As part of Monday’s Budget, the Ministry of Housing, Communities and Local Government (MHCLG) published a consultation, Planning Reform: Supporting the high street and increasing the delivery of new homes, which sets out a series of fresh proposed changes to PD rights.
Among them is a proposal to create a new PD right allowing commercial buildings to be demolished and redeveloped as housing and another that would allow property owners to extend their buildings upwards.
The consultation also seeks views on allowing hot food takeaways (A5) to change to residential use without the need for planning permission and proposes extending and making permanent two time-limited PD rights - the change of use from storage or distribution to residential, introduced in 2015, and allowing larger household extensions, introduced in 2013.
The government believes the plans would help revive high streets and increase housing delivery.
But the TCPA has issued a statement warning that plans will mean that developers will be able to bypass requirements "for affordable housing, local infrastructure or minimum housing space standards".
It said that this "will deprive local authorities of essential funding and risks creating poor living conditions for vulnerable people".
The body pointed to research published by the Royal Institution of Chartered Surveyors in April which concluded that office-to-residential permitted development rules have allowed the development of "extremely poor-quality housing". The report also found that research on five local authorities found they may have lost out on £10.8 million in funding from planning gain and 1,667 affordable housing units from approved office-to-residential PD schemes.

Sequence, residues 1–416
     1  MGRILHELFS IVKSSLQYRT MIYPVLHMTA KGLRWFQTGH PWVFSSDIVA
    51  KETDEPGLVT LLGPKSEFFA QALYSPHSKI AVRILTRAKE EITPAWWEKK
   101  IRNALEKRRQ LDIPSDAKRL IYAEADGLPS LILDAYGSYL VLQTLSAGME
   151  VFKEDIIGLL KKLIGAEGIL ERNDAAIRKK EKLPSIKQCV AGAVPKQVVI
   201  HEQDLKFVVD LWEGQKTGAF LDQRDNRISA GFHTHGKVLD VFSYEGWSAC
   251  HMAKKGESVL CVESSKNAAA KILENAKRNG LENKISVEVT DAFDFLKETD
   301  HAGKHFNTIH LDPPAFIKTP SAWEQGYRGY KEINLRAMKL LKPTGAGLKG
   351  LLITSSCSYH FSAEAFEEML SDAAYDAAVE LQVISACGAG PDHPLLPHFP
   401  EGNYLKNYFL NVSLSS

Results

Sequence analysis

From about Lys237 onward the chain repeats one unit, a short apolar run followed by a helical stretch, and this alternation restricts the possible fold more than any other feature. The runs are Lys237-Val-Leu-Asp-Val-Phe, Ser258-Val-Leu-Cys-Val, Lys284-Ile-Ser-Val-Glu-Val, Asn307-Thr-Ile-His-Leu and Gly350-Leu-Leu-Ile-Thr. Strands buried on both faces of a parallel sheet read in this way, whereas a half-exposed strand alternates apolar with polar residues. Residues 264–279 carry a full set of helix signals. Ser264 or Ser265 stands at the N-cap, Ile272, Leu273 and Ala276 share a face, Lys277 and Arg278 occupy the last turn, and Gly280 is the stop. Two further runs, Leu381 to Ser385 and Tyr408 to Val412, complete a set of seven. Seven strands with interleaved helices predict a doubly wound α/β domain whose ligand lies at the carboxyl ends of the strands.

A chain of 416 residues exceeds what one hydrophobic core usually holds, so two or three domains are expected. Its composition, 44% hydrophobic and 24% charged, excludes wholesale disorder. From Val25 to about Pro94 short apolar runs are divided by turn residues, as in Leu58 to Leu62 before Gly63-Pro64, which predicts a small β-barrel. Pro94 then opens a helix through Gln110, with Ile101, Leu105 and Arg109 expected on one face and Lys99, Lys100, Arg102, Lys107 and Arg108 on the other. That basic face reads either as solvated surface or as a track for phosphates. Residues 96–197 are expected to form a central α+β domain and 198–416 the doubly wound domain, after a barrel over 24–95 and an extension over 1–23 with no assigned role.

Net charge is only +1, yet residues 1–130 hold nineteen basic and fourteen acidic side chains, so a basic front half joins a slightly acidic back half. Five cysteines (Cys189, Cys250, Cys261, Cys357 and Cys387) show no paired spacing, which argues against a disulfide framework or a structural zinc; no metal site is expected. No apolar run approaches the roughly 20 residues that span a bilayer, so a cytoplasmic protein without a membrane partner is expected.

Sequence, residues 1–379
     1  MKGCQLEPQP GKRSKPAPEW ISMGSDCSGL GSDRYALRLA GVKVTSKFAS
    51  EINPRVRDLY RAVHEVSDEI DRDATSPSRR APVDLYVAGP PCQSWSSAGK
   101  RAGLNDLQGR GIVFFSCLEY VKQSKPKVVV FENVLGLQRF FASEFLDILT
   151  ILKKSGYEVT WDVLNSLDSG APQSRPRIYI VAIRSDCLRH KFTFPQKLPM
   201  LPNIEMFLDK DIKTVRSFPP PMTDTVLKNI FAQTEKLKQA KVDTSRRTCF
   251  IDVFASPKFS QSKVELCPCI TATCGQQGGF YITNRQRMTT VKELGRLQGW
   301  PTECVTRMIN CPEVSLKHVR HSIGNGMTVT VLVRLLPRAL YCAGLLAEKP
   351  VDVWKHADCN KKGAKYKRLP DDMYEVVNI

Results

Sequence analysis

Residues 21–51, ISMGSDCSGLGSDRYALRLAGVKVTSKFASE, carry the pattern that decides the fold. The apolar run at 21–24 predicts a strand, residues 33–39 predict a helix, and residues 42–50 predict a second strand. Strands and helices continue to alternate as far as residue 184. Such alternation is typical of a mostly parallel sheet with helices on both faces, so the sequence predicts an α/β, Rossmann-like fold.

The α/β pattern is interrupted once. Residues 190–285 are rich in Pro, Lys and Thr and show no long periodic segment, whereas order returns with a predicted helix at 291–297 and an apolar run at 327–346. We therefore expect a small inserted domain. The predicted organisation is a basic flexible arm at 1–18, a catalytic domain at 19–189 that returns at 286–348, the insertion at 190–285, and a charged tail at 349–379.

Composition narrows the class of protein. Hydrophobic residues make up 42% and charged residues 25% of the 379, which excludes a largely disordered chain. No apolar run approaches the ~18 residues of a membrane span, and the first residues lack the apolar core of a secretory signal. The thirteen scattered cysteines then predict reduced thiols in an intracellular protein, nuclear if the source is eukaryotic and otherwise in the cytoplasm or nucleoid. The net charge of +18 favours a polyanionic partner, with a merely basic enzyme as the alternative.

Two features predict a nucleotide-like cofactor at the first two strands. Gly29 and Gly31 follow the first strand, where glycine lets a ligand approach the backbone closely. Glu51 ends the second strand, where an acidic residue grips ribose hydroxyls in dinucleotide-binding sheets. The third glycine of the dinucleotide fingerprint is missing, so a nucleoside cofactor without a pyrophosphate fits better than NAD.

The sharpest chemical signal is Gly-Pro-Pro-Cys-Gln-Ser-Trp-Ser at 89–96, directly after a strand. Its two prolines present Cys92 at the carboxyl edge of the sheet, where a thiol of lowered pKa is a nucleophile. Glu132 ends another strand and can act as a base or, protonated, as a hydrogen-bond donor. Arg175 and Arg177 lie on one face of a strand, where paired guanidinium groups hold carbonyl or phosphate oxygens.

Dr Hugh Ellis, interim chief executive of the TCPA, said: "Converting commercial and disused high-street properties into homes is fine, so long as it doesn’t condemn desperate people — often young people or poor families — to live in badly designed boxes without consideration for their health and wellbeing.
"Under the existing system of permitted development, 1,000 new flats can be built in an old 1970s office building or industrial estate, and the local council can’t require a single square foot of play space for the children who live there — and the communities have effectively no say. This cannot become the norm.
"The rebirth of town centres requires vision and masterplanning, with real investment in culture and the built environment. How can we pay for this investment when permitted development removes the power of local authorities to get one penny in section 106 contributions from developers?"
The Ministry for Housing, Communities and Local Government was asked to comment but it had yet to respond at the time of publication.
In September, Ellis said that he introduction of permitted development rights for office-to-residential conversions was "the most shameful built environment policy in the post-war period".
But, also in September, a report by a think-tank argued that the introduction of permitted development rights for office-to-residential conversions had been a "strong success" but the policy is at risk from "centralising elements" in the planning profession "who resent their loss of control over any aspect of the system".